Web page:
Estrogen delivered throughout your whole body (systemic) by pill, patch, spray or gel can have a positive effect on brain function and mood factors that affect sexual response. But systemic estrogen therapy may have risks for certain women.
Smaller doses of estrogen — in the form of a vaginal cream or a slow-releasing suppository or ring that you place in your vagina — can increase blood flow to the vagina and help improve desire without the risks associated with systemic estrogen. In some cases, your doctor may prescribe a combination of estrogen and progesterone.
Male hormones, such as testosterone, play an important role in female sexual function, even though testosterone occurs in much lower amounts in women. However, replacing testosterone in women is controversial and it's not approved by the Food and Drug Administration for sexual dysfunction in women. Plus it can cause acne, excess body hair, and mood or personality changes.
Lifestyle and home remedies
Healthy lifestyle changes can make a big difference in your desire for sex:
* Exercise. Regular aerobic exercise and strength training can increase your stamina, improve your body image, elevate your mood and boost your libido.
* Stress less. Finding a better way to cope with work stress, financial stress and daily hassles can enhance your sex drive.
* Communicate with your partner. Couples who learn to communicate in an open, honest way usually maintain a stronger emotional connection, which can lead to better sex. Communicating about sex also is important. Talking about your likes and dislikes can set the stage for greater sexual intimacy.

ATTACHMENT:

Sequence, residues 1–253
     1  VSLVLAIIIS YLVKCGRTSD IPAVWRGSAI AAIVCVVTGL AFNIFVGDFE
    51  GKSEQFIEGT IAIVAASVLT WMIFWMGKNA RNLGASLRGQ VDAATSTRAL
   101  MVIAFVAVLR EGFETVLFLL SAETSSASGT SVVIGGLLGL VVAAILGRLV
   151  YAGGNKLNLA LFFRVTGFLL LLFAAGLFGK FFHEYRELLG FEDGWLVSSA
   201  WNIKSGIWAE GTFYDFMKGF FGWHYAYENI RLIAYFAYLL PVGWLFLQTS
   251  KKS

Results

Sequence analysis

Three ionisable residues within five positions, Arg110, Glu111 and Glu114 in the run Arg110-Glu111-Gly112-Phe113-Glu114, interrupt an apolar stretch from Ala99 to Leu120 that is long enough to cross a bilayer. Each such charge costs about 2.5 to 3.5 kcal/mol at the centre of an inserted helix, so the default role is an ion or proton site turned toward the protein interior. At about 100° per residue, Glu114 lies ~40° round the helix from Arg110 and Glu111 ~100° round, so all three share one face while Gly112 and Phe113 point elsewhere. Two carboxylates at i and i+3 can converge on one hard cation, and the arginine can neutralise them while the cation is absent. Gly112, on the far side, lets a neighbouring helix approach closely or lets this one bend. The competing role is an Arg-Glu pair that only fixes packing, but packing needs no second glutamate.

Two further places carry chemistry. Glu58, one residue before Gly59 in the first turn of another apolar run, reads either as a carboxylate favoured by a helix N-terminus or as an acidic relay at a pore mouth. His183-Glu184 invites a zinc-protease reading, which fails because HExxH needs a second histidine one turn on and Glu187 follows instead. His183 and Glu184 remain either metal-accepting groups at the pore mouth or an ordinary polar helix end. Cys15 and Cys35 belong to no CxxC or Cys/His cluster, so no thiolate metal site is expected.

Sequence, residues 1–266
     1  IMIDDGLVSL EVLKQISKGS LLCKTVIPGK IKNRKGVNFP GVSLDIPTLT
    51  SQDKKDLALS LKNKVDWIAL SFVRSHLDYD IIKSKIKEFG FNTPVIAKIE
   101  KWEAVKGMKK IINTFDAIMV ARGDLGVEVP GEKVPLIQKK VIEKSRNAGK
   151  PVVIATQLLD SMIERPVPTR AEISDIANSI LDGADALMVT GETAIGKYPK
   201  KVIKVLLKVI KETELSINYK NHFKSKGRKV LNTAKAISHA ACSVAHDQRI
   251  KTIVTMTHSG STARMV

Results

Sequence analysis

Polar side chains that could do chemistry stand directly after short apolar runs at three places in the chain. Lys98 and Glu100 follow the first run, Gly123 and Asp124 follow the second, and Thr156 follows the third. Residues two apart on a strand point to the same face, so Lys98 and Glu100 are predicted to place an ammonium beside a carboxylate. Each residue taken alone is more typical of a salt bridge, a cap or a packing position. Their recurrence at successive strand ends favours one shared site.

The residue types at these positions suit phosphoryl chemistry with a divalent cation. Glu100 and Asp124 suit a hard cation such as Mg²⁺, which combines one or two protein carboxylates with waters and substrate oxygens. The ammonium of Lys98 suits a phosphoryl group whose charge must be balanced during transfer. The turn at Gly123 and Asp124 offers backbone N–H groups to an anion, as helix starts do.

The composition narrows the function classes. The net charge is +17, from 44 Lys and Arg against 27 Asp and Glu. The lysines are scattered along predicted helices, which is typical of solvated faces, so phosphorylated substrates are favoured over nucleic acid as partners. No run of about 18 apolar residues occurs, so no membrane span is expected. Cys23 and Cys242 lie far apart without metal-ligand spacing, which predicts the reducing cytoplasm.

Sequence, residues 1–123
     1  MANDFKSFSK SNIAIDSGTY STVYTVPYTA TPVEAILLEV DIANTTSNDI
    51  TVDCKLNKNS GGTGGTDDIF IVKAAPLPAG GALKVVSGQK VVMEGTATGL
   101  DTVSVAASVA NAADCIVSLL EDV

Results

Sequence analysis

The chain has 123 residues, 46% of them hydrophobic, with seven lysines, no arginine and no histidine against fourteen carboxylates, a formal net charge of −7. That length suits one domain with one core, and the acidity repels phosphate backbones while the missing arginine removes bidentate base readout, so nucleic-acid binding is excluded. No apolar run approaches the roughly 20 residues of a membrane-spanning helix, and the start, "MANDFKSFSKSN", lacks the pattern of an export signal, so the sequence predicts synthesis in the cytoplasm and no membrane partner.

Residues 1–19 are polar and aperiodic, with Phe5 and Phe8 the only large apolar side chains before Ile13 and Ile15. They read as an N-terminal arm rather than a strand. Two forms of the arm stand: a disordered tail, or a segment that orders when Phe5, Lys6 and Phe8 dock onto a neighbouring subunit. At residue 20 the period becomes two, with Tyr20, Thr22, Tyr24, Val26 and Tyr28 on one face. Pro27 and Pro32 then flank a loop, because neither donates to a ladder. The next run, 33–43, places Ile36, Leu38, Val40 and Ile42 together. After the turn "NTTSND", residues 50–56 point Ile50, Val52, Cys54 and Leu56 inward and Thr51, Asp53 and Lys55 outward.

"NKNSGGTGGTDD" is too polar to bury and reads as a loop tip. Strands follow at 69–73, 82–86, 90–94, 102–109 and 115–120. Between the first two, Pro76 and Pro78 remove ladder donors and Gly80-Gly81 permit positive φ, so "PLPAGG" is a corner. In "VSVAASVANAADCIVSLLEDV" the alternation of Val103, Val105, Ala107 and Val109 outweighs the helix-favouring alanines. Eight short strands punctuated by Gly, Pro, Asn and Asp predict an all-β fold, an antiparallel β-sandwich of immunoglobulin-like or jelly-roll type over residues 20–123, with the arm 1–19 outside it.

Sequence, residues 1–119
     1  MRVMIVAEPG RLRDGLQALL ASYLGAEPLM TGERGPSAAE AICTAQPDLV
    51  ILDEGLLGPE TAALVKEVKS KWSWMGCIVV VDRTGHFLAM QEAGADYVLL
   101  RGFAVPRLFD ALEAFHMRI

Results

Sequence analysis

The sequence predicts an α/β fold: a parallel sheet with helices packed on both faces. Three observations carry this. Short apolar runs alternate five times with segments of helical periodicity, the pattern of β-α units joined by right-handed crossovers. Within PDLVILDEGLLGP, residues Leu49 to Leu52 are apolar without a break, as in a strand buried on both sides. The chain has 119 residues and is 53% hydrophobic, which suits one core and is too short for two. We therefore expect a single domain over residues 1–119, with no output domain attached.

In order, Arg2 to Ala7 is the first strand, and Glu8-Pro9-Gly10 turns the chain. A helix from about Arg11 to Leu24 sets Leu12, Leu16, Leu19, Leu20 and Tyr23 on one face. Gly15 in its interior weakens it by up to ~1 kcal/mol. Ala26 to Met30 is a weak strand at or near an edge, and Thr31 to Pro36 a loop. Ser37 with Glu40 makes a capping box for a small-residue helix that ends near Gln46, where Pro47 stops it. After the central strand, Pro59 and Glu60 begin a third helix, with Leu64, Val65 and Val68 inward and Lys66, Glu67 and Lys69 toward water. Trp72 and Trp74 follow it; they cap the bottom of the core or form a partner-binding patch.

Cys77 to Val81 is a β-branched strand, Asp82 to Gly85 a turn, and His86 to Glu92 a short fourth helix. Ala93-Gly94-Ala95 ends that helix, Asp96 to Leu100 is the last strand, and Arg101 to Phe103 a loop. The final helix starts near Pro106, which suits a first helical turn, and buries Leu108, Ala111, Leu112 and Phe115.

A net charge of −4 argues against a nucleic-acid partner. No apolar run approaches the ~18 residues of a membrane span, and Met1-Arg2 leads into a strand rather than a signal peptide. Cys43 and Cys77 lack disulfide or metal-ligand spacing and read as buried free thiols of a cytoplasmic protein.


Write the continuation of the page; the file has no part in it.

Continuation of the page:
* Set aside time for intimacy. Scheduling sex into your calendar may seem contrived and boring. But making intimacy a priority can help put your sex drive back on track.
* Add a little spice to your sex life. Try a different sexual position, a different time of day or a different location for sex. Ask your partner to spend more time on foreplay. If you and your partner are open to experimentation, sex toys and fantasy can help rekindle your sexual sizzle.
* Ditch bad habits. Smoking, illegal drugs and excess alcohol can all dampen sexual desire. Ditching these bad habits may help rev up your sexual desire as well as improve your overall health.
Low sexual desire can be very difficult for you and your partner. It's natural to feel frustrated or sad if you aren't able to be as sexy and romantic as you want — or you used to be.
At the same time, low sexual desire can make your partner feel rejected, which can lead to conflicts and strife. And this type of relationship turmoil can further reduce desire for sex.
It may help to remember that fluctuations in your sexual desire are a normal part of every relationship and every stage of life. Try not to focus all of your attention on sex. Instead, spend some time nurturing yourself and your relationship.
Go for a long walk. Get a little extra sleep. Kiss your partner goodbye before you head out the door. Make a date night at your favorite restaurant. Feeling good about yourself and your partner can actually be the best foreplay.